The Lord Is My Light and Salvation

Meditation on Psalm 27 For Windsorwood Worship Service

March 17, 2019

1 The Lord is my light and my salvation;
   whom shall I fear?
The Lord is the stronghold of my life;
   of whom shall I be afraid? 
2 When evildoers assail me
   to devour my flesh—
my adversaries and foes—
   they shall stumble and fall. 
3 Though an army encamp against me,
   my heart shall not fear;
though war rise up against me,
   yet I will be confident. 
4 One thing I asked of the Lord,
   that will I seek after:
to live in the house of the Lord
   all the days of my life,
to behold the beauty of the Lord,
   and to inquire in his temple. 
5 For he will hide me in his shelter
   in the day of trouble;
he will conceal me under the cover of his tent;
   he will set me high on a rock. 
6 Now my head is lifted up
   above my enemies all around me,
and I will offer in his tent
   sacrifices with shouts of joy;
I will sing and make melody to the Lord. 
7 Hear, O Lord, when I cry aloud,
   be gracious to me and answer me! 
8 ‘Come,’ my heart says, ‘seek his face!’
   Your face, Lord, do I seek. 
9   Do not hide your face from me. 

Do not turn your servant away in anger,
   you who have been my help.
Do not cast me off, do not forsake me,
   O God of my salvation! 
10 If my father and mother forsake me,
   the Lord will take me up. 
11 Teach me your way, O Lord,
   and lead me on a level path
   because of my enemies. 
12 Do not give me up to the will of my adversaries,
   for false witnesses have risen against me,
   and they are breathing out violence. 
13 I believe that I shall see the goodness of the Lord
   in the land of the living. 
14 Wait for the Lord;
   be strong, and let your heart take courage;
   wait for the Lord!


I am a worrier. On this second Sunday in Lent, a time of self-reflection and drawing nearer to the Lord, I admit that I have trouble letting go of my worries and giving them to the Lord. What do I worry about? I am too embarrassed to confess all—but at the top of my list is my family. And this past week, my mother had major surgery and my dad, who has Parkinson’s and heart problems, was recovering in rehab after a fall.  And my parents live in Florida, so I was not able to be with them through their time of trouble.

So I worried.

In times of worry, I often turn to the Psalms for comfort. Although God’s people composed and sang these collections of songs and poems long ago, they are as relevant and meaningful to us today. The psalmists were worriers, too—and they turned their worries into prayers and songs of praise to the Lord.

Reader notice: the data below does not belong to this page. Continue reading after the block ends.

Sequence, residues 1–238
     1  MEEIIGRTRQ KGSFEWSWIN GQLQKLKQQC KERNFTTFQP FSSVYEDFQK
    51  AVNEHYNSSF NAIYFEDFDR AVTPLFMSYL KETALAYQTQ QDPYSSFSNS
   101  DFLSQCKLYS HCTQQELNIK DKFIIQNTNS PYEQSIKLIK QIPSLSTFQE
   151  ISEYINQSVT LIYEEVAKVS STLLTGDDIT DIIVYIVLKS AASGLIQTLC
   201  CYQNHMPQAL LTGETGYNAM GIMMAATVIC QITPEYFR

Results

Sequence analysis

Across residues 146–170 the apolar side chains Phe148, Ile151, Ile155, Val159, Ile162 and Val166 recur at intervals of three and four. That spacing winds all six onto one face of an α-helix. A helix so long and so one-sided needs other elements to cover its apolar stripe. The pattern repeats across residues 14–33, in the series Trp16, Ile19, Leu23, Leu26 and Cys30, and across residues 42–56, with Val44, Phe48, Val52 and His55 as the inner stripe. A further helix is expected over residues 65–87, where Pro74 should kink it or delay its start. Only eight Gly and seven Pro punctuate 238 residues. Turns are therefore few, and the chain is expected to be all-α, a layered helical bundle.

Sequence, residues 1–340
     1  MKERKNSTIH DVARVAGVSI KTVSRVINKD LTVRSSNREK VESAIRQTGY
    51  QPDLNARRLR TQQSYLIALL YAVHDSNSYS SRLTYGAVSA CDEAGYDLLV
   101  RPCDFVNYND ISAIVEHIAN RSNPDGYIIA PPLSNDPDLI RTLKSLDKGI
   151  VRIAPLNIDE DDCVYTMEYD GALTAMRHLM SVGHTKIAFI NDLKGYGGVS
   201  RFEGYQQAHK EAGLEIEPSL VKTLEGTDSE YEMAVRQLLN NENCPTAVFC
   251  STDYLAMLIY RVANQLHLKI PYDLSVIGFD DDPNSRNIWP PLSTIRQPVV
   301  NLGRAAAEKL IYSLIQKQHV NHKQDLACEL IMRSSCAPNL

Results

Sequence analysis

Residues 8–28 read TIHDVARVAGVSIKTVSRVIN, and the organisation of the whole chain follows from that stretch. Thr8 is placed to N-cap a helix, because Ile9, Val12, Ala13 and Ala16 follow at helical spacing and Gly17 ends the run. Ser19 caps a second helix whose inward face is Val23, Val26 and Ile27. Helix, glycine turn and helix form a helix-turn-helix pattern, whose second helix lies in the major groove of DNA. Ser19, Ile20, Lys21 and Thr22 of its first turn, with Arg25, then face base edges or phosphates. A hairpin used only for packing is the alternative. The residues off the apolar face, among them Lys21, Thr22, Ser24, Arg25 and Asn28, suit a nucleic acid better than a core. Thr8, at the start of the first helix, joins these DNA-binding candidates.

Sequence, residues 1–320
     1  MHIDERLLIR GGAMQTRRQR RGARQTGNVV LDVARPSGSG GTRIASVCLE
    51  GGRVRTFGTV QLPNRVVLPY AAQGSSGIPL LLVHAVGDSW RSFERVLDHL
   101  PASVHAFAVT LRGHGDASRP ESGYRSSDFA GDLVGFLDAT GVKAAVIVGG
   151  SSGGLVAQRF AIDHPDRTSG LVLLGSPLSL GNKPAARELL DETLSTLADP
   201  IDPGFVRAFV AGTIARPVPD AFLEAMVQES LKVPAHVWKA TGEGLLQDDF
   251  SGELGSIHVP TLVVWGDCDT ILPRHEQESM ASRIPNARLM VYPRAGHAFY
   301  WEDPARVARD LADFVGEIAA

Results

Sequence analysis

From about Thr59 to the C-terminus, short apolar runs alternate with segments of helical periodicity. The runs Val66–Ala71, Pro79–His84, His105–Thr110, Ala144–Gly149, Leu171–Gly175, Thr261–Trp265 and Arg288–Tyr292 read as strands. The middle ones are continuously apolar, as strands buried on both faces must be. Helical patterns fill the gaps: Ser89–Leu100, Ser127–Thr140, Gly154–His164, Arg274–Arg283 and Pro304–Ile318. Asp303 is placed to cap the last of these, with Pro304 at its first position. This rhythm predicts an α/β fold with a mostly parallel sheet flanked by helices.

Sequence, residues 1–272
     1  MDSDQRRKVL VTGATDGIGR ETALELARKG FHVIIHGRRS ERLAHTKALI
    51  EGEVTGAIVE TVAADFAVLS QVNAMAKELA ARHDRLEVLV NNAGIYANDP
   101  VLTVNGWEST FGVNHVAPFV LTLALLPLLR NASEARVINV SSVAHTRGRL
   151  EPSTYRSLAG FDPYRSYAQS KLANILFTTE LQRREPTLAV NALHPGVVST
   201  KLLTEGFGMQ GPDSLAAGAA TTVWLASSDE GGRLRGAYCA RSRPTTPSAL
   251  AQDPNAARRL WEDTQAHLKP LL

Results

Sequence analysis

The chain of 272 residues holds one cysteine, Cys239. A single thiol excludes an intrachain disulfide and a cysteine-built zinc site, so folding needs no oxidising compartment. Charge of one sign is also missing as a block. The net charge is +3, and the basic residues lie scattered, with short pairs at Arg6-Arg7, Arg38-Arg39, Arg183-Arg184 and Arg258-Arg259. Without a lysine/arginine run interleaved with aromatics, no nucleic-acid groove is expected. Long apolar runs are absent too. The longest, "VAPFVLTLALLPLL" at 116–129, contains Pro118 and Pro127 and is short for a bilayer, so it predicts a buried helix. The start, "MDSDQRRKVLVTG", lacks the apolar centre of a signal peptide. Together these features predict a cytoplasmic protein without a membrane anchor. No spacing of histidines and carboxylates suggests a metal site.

In Psalm 27, the psalmist begins by proclaiming, “God is my light and salvation—whom shall I fear?” But in proclaiming, “Whom shall I fear?” the psalmist is admitting that they are afraid and with good reason. For the psalmist is at war, with enemies camped around him, “breathing violence.”

The psalmist is doing what all God’s children should do when they are anxious and afraid—offering thanks and praise to the Lord. “Now my head is lifted up above my enemies all around me, and I will offer in his tent sacrifices with shouts of joy!” But the psalmist, who is confident one moment that the Lord is his stronghold, his refuge, shelter and hiding place, is still afraid that God will be angry with him—that he will disappoint the Lord and God will turn away from him.

And this is our walk of faith—moments and days of doubt and fear, but also moments and days of certainty, joy, and peace, trusting in the Lord who is our light—our guide, our hope for all of eternity.  This is us learning how to live as God wants us to live; this is us learning how to be the people of faith God has called us to be.

The Lord is with us now in our storms and fears and tears. This is the God who understands us better than we understand ourselves and will hear us and answer us when we cry out in prayer.

My mom came through her surgery OK, though her recovery will take about 2 months. And though my dad had another fall this week, we can give God thanks that no bones were broken and he was found immediately. And now we are waiting on the Lord to show us if my dad needs a different living situation—more nursing care to help him each day.

Friends, the Lord is our light and our salvation, our hiding place.  God will reveal his goodness in this land—the land of the living–if  we ask God to give us eyes to see his goodness. And if we wait and hope and trust in him…..

Let us pray.

Dear Lord, you are our light and salvation! We love you, we trust you and place our hope in you. Forgive us for our doubts and fears. Teach us your way, for we have much to learn. Guide our footsteps as we continue to walk with you in this journey of faith. In Your Son’s name we pray. Amen.

Published by karenpts

I am the pastor of First Presbyterian Church of Smithtown, New York on Long Island. Come and visit! We want to share God’s love and grace with you and encourage you on your journey of faith. I have served Presbyterian congregations in Minnesota, Florida and Ohio since my ordination in 2011. I am a 2010 graduate of Princeton Theological Seminary and am working on a doctor of ministry degree with Austin Presbyterian Theological Seminary. I am married to Jim and we have 5 grown children and two grandchildren in our blended family. We are parents to fur babies, Liam, an orange tabby cat, and Minnie, a toy poodle.

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